I wrote earlier about the need to refactor your codebase continuously – making small improvements on a regular basis. In this post, I want to elaborate on why continuous refactoring is such a wise investment. With continuous refactoring, you get several benefits:
- Helps you recognize and correct incorrect domain understanding. When you move a parameter from one class to another or make an atomic parameter a collection – you are refactoring to align your code with your domain. These changes will help you address evolving requirements faster and in a more natural manner.
- Reduces the probability for massive re-design of your code: when you continuously refactor, you are making improvements. You may introduce a constant / access data from a properties file to remove hard-coded values or apply a new design pattern that helps with a tricky requirement. These changes align your code and design better – For instance, your initial implementation might have sent data to another object directly. You realize in a subsequent iteration that more than one process needs this information. You refactor your code to introduce patterns or simplications – this process is iterative.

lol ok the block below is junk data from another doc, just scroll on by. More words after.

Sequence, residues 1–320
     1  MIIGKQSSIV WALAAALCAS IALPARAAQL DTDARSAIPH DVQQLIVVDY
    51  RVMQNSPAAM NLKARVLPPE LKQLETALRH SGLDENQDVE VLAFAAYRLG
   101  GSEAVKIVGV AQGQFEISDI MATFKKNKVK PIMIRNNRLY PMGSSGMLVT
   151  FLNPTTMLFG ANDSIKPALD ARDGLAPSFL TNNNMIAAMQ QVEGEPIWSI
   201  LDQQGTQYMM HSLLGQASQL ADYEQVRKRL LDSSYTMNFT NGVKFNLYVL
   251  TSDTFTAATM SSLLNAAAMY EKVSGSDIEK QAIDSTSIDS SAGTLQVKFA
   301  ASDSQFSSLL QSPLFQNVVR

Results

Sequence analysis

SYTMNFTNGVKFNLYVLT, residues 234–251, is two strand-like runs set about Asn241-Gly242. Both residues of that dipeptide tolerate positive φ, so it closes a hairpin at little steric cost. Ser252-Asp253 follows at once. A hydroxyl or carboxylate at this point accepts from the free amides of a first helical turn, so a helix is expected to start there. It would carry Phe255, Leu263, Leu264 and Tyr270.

- Continuous refactoring makes the domain model more explicit and easy to understand. It is natural to accumulate business knowledge as you proceed through development and without refactoring this new knowledge will get lost.
- Continuous refactoring also provides the opportunity to review your code – for bugs, for deviations, for needless complexity, missed opportunities for reuse etc. You can make refactoring a necessary follow-up action as part of design reviews and code reviews.
Having said all this – the key concept to recognize is the need for continuity and discipline. An incremental improvement may not seem like a big gain and it isn’t always. However, small changes do add up to significant gains over multiple iterations. In a follow-up post I will provide concrete examples of using refactoring to improve the quality of your codebase.